A runner-up in our 2017 Max Perutz Science Writing Award, PhD student Lara Morley of the Leeds Institute of Cardiovascular and Metabolic Medicine describes how she’s looking for ways to treat a failing placenta, by increasing the blood supply to the baby in the womb.
With the emergency buzzer still ringing in my ears, I feel my adrenaline subside as I bring a much anticipated new life out into the world and into the arms of its anxious parents. After all, the outcome of a pregnancy has profound implications for the lives of us all; ourselves, partners, sisters and friends. But in all the excitement of welcoming a baby into the world, the vital job of the placenta is often overlooked.
In her runner-up article for our 2017 Max Perutz Science Writing Award Nadine Mirza, a PhD student at the University of Manchester, explains why changes are needed to a routine test for diagnosing dementia, unbiased by language or culture, to prevent incorrect diagnoses.
Have you heard the saying “No ifs ands or buts”? Associated with grannies and teachers, you’d be hard pressed to find someone who hasn’t. It’s also a saying used in the ACE, a test implemented across the UK to detect dementia. An individual has to read the saying out loud with correct pronunciation. When directly translated into Urdu it loses meaning and becomes gibberish and reading out gibberish isn’t a smooth task. Even a fluent Urdu speaker might fail. But would we attribute that to dementia? Apparently, yes.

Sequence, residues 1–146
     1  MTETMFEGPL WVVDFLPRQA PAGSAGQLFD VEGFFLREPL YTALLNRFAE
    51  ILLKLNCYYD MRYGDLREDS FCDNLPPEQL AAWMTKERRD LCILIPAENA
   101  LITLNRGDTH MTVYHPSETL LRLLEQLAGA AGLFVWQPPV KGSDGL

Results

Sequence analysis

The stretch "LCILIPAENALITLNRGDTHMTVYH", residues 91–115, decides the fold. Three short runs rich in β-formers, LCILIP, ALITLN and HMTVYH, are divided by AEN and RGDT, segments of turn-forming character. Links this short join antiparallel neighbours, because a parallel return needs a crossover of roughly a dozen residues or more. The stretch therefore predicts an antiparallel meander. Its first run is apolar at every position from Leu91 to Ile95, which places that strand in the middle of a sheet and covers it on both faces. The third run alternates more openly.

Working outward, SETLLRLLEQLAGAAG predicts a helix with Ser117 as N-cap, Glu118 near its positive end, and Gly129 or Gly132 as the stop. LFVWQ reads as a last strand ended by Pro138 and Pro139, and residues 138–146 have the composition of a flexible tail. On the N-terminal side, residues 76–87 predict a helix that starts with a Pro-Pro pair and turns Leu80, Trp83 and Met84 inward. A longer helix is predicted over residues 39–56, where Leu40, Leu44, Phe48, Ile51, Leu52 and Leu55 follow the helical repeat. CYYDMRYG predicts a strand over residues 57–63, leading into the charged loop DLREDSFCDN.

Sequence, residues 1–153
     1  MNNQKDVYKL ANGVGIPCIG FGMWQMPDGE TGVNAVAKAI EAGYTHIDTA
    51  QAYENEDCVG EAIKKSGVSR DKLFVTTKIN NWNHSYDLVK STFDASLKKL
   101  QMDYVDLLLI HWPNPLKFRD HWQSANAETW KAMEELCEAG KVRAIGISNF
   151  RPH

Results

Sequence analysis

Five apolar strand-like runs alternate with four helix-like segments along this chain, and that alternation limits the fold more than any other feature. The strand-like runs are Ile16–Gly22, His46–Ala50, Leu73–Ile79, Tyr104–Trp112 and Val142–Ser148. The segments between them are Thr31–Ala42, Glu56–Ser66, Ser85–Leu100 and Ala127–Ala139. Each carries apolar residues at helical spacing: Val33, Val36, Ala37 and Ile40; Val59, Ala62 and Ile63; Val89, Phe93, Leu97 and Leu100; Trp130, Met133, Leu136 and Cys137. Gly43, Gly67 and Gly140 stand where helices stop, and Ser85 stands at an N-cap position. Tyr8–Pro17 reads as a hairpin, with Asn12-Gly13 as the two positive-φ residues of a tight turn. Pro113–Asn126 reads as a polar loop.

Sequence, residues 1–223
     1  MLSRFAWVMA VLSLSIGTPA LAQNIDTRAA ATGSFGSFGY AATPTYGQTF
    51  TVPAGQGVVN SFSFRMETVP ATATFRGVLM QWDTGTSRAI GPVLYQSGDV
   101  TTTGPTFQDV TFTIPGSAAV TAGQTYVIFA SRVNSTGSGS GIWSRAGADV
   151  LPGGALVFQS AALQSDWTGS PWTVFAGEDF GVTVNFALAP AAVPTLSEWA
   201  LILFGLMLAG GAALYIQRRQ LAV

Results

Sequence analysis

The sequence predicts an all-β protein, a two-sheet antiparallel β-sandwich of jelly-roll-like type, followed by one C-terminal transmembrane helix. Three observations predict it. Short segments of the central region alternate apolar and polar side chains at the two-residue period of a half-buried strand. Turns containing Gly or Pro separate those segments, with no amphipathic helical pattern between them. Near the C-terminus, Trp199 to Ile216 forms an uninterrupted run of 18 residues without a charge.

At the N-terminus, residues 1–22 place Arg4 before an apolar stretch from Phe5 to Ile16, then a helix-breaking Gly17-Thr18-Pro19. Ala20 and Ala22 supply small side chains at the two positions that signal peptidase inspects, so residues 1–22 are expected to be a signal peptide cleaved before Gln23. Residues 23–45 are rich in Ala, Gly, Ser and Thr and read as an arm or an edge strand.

Nowadays few people would dispute that it’s important for people to know about medical matters, but that wasn’t always the case. While our Max Perutz Science Writing Award is open to MRC-funded PhD students, Katherine Nightingale looks back at Charles Fletcher, MRC researcher and physician, whose strong belief in medical communication led him to become the first ‘TV doctor’ in the 1950s.
You don’t notice it at first – your eye is drawn instead to the strangely bandaged faces of the people to the left of the image. But there, together with the IV stand, scissors and scrubs, is not a piece of surgical equipment but a 1950s television camera and lights.
What’s it doing there? Filming a medical drama? Broadcasting the television news live from a hospital? Not quite. Instead it’s the filming of Your Life in Their Hands, a controversial medical documentary which began in 1958.